The United States is facing consequences from decades of deferred maintenance and underinvestment in infrastructure. At the same time, available public fund levels for such projects are low and resistance to increased taxation is high.
One approach government agencies are exploring to help meet the needs for new infrastructure projects is developing public-private partnerships (P3s). These arrangements could provide profitable opportunities for contractors in the near future, so it’s important to know how they work.
The concept, defined
Under the P3 model, a public entity (federal, state or local) engages a private partner, which in turn hires, supervises and pays the contractor. The private partner may participate in the design, financing, operation and maintenance of the project, as well as in the construction. The specific role of the private partner varies considerably from one project to another. Ideally, everyone’s role is clearly spelled out in the contract.
The types of projects that have been handled as P3s include water and sewer systems, parking facilities, toll bridges, roads, highways and prisons. In some cases, the P3 is formed to develop a new infrastructure project; in others, an existing asset is transferred to a private partner that assumes responsibility for needed upgrades, repairs and ongoing maintenance work.
Pros and cons
The chief advantage proponents see in P3s is that both the public and private entities involved do what they do best. The public entity is better able to serve its constituency by targeting and completing the necessary projects. The private partner is motivated to work effectively and efficiently, because its contractually specified compensation depends on good performance.
In addition, by working together, P3 partners often are able to develop better infrastructure solutions than either could have come up with on their own. Projects may be built faster when time-to-completion is included as a measure of performance and, thus, profit. Risks are appraised fully before a project moves forward, with the private partner often serving as a check against unrealistic government promises or expectations. Taking advantage of the private partner’s experience in containing costs can mean more efficient use of government funds and resources, too.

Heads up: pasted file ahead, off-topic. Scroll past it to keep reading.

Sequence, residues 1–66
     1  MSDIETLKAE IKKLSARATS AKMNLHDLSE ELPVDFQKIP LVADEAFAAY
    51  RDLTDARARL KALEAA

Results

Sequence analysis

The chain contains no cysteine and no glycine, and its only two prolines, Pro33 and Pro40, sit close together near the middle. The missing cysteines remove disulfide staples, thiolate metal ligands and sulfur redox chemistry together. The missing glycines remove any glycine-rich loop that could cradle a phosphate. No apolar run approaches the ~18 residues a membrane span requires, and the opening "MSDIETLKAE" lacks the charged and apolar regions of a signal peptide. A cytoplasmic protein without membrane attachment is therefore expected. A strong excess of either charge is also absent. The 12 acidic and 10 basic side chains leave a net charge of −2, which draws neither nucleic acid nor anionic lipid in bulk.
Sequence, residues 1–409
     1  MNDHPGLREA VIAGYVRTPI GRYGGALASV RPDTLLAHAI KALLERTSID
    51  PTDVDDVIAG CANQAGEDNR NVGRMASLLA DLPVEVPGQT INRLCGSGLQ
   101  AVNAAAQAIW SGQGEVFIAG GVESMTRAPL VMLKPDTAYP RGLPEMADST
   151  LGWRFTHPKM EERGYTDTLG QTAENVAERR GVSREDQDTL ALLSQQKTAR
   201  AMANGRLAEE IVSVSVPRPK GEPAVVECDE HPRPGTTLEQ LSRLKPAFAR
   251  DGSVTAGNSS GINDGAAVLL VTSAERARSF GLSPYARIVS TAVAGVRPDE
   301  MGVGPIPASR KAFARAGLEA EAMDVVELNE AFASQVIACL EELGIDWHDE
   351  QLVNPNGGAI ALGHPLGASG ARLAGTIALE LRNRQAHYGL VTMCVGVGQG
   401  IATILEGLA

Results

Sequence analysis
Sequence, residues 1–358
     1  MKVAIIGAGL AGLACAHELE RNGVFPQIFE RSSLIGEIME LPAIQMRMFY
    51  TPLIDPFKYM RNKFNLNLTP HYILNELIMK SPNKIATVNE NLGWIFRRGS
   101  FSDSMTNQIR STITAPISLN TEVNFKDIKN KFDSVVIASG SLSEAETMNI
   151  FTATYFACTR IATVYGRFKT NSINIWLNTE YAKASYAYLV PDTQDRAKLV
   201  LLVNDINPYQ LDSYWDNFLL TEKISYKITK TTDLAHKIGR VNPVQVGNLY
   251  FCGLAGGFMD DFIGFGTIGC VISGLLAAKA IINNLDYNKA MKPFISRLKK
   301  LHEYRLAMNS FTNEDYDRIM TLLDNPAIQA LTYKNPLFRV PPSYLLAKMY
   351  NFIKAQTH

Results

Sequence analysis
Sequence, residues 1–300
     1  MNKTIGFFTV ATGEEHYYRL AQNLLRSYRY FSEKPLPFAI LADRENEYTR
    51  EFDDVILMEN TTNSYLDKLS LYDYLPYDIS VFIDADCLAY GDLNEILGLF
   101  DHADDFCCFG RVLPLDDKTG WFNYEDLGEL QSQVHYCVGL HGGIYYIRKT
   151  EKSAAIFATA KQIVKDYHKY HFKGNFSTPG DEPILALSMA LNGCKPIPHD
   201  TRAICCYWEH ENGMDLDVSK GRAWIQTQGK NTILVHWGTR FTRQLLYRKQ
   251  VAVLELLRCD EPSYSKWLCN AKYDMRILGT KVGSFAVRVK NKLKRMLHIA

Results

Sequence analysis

P3s also present some potential disadvantages — especially where the size, nature or complexity of the project limits the number of potential private partners. When only a few private entities have the necessary scope and skills to handle the job, there may not be enough competition to ensure cost-effective partnering.
Furthermore, if the expertise in the partnership is weighted heavily on the private side, it puts the government at an inherent disadvantage. Under those circumstances, it can be difficult for the public partner to accurately assess the proposed costs.
The contractor’s perspective
As mentioned, P3s represent potentially profitable opportunities for contractors with the requisite experience and resources to perform the work. If you want to consider going after one of these projects, it’s important to be aware of the ways they differ from traditional public works construction.
At the state and local level, laws governing P3s vary widely from state to state and municipality to municipality. They don’t always offer contractors the same protections typically provided in publicly funded projects.
For example, some state P3 laws don’t address bonding requirements at all, while others allow alternative forms of security, such as guarantees from a parent company or equity partner. (For more information, see “P3s and bonding.”) Sometimes the security required makes it difficult or even impossible for a subcontractor or supplier to pursue payment claims, which can increase your risk of nonpayment on a P3 project.
Even more onerous, state and local governments own the land on which most P3s are built. Thus, subcontractors can’t rely on mechanics’ liens for compensation if the general contractor defaults.
Your best interests
Analysts expect P3s to become more prevalent for infrastructure projects in years to come. So you may want to keep an eye out for such work and be prepared to pursue it, assuming the project suits your construction company’s strengths.
If you do get the chance to participate in a P3, consult your CPA, attorney and surety rep before starting work. You’ve got to ensure that the contract into which you’re entering will reasonably serve your best interests.
P3s and bonding
Although laws governing public-private partnerships (P3s) are far from uniform from state to state, they are evolving. More and more states are enacting legislation to allow such partnerships while assuring the public owners, investors and taxpayers that the private partner is capable of completing the project successfully and of paying the subcontractors, suppliers and workers on the job.
Most of the newer laws enacted or currently under consideration require private contractors bidding on P3 projects to post contract bonds guaranteeing that the work will be completed to high standards and on time. Commonly used types include bid bonds, payment bonds and performance bonds. They’re designed to protect the public owner from fraud or default by the private partner, and from nonpayment of suppliers, subcontractors and workers.
The surety company underwriting the bond is, in effect, prequalifying the contractor bidding on the project. The surety would issue such bonds only if it considered the contractor capable of completing the work. In the event that a bonded contractor cannot meet its contractual obligations, the surety can follow a few courses of action to see the work through to completion. The bonded party will then be liable to repay the surety for all incurred expenses, a heavy burden that can easily drive the contractor out of business.
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